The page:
Is it the story or the characters that captures the hearts of readers? In talking to people, whenever they talk about a book or movie, they immediately mention the characters by name. The problem in the book may be important to them, but it seems characters can live forever in the hearts of readers.
How do you write great characters? Don’t think of them that way. Think about writing the stories of people. It’s more than writing a physical description of them. Instead of the word “character”, think friend or relative. But remember to spare hurt feelings, change name, sex, and some physical attributes, especially hair color.
In my book, A Vampire for Christmas, you learn about Georgia by what happens to her and how she reacts in different situations. You also learn about her from others.
Here is an example of characterization using reactions and actions.
“No,” Georgia whimpered at the hand reaching into the window display, yanking out the coat she’d stared at every day for three weeks–the thick brown and black, faux fur coat with the black hood. None of the other coats compared to that one with its elegant lines and obvious warmth. Georgia’s own coat was shabby. She shivered.
If only her credit cards weren’t maxed out. A tear streamed down her cheek before freezing on her face.
Then she saw the reflection. Every time she stopped at this window, his reflection would be there staring back. He stood about two feet behind her, so the image was shadowed. At first, she reasoned that perhaps he lived in the neighborhood and it was a coincidence. Maybe he was looking at coats for his mother or girlfriend. Maybe he was a stalker. She turned to leave.
Someone tapped her on the shoulder. Georgia gripped her bag strap and turned, then looked up. He was tall, broad shouldered, and compassion made his face kind. Bright green eyes gazed into hers. His warm brown hair was cut conservatively, which matched the new, dark brown coat.
“Are you all right?”
“Yes. I’m fine. Thank you.”
“You’re not fine. Please, let me help you.”
Instantly, she burst into a run and didn’t stop until she reached the donut shop across from her apartment. Sitting at a table, Georgia peeked through the window. He hadn’t followed her. Snowflakes floated down obscuring her vision. Maybe she overreacted. Maybe not. You couldn’t be too careful in New York. She got up and went to the counter to order coffee and donuts to go.
You see Georgia’s habit of stopping by that window, the type of coat she wanted, and the state of her own coat. It gives you information about a man that’s been watching her and how she feels about him.
Don’t write everything at once. Share information about your “person” where it naturally flows. Trust that as you write, your people will reveal more and more about themselves though actions and interactions.
Here is a scene with Trevor and Georgia meeting for the first time.
It wasn’t the job Georgia longed for, but it was something. As she stepped out of the coffee shop a few minutes after eleven, a passerby grabbed her purse.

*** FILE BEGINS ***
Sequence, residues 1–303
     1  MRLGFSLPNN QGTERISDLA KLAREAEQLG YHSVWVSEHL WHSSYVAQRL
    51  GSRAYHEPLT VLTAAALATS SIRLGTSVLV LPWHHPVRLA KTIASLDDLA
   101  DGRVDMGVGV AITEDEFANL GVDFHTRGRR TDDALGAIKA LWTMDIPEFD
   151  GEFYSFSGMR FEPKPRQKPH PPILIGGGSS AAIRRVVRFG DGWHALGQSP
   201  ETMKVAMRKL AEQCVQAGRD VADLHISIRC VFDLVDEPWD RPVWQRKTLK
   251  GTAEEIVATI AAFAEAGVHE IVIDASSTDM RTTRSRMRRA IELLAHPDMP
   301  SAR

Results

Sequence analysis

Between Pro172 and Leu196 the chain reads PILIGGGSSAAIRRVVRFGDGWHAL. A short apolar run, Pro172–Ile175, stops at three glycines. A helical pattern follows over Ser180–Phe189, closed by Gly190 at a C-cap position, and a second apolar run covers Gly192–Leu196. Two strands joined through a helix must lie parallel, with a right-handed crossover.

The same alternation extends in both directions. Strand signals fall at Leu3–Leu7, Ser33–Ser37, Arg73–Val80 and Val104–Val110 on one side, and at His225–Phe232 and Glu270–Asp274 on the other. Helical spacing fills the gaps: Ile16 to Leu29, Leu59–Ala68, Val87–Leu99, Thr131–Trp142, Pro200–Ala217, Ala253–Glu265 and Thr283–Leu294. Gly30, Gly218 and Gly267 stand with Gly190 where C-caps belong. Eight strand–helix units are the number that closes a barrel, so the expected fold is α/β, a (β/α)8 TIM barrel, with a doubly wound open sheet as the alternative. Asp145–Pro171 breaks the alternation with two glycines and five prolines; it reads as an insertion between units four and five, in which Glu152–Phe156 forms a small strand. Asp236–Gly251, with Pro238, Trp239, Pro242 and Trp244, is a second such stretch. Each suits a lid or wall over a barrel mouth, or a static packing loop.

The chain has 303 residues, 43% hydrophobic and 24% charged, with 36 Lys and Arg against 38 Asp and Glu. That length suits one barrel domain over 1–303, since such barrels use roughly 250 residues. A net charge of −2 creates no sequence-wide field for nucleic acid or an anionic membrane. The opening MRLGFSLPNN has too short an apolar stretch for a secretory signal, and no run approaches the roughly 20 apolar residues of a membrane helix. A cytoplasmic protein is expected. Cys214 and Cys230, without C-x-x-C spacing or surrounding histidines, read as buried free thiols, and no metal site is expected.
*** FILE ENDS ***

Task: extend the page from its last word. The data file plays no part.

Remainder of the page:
“No,” she shouted, clutching the leather strap. He pulled so hard, she toppled over. But Georgia remembered her lessons at the dojo and struck at the robber with her feet. He tripped sideways.
Then he pulled a knife. In a blur, the strange man from the store window had one foot on her attacker’s hand and the other on his throat.
Georgia scrambled to her feet and in a fit of rage yanked her purse free then punched her rescuer in the jaw.
He swayed a bit but remained steadfast on her attacker. Shocked, Georgia rubbed her knuckles. She’d broken boards with that fist, so it should have had more impact.
A siren later and the police arrived.
Every time I think of Georgia and Trevor, I can’t help but laugh. I hope you noticed that you have now learned more about their “characters”.
Here is a blurb about A Vampire for Christmas for those that want to know more about them and the link.
Georgia doesn’t know she’s a Harmony. Jobless and about to be homeless, her heart sinks when a hand snatches the coat of her dreams from the storefront window. Then she sees him staring at her reflection . . . the stalker.
Trevor Stenwood, a vampire and Arnhem Knight, is handsome, sophisticated, and tongue-tied every time he sees her. Sworn to protect the supernaturals of the city, he’s fallen for a woman marked for death by demons. How can he save her when she’s afraid of him?
At Christmas time in New York City, will love bloom in the snow?
Currently it’s available only in Kindle but I’m working on that. https://www.amazon.com/Vampire-Christmas-Vampires-Manhattan-Book-ebook/dp/B00H92ENUU
If you have been following along, be sure to look at the actions and reactions of your “people” as you write. Dialogue is included in reactions.
If you have missed the other lessons in “How to Write a Fiction Novel,” here they are:
Happy Writing. Next week we will talk about the “Squishy Middle.” No, I’m not talking about a diet. I’m talking about the middle of novels. (laughs) If you have any questions or comments, feel free to write them in the comments box.
Susan Hanniford Crowley, Amazon Kindle Bestselling Author of Vampire Romance
Where love burns eternal and whispers in the dark!
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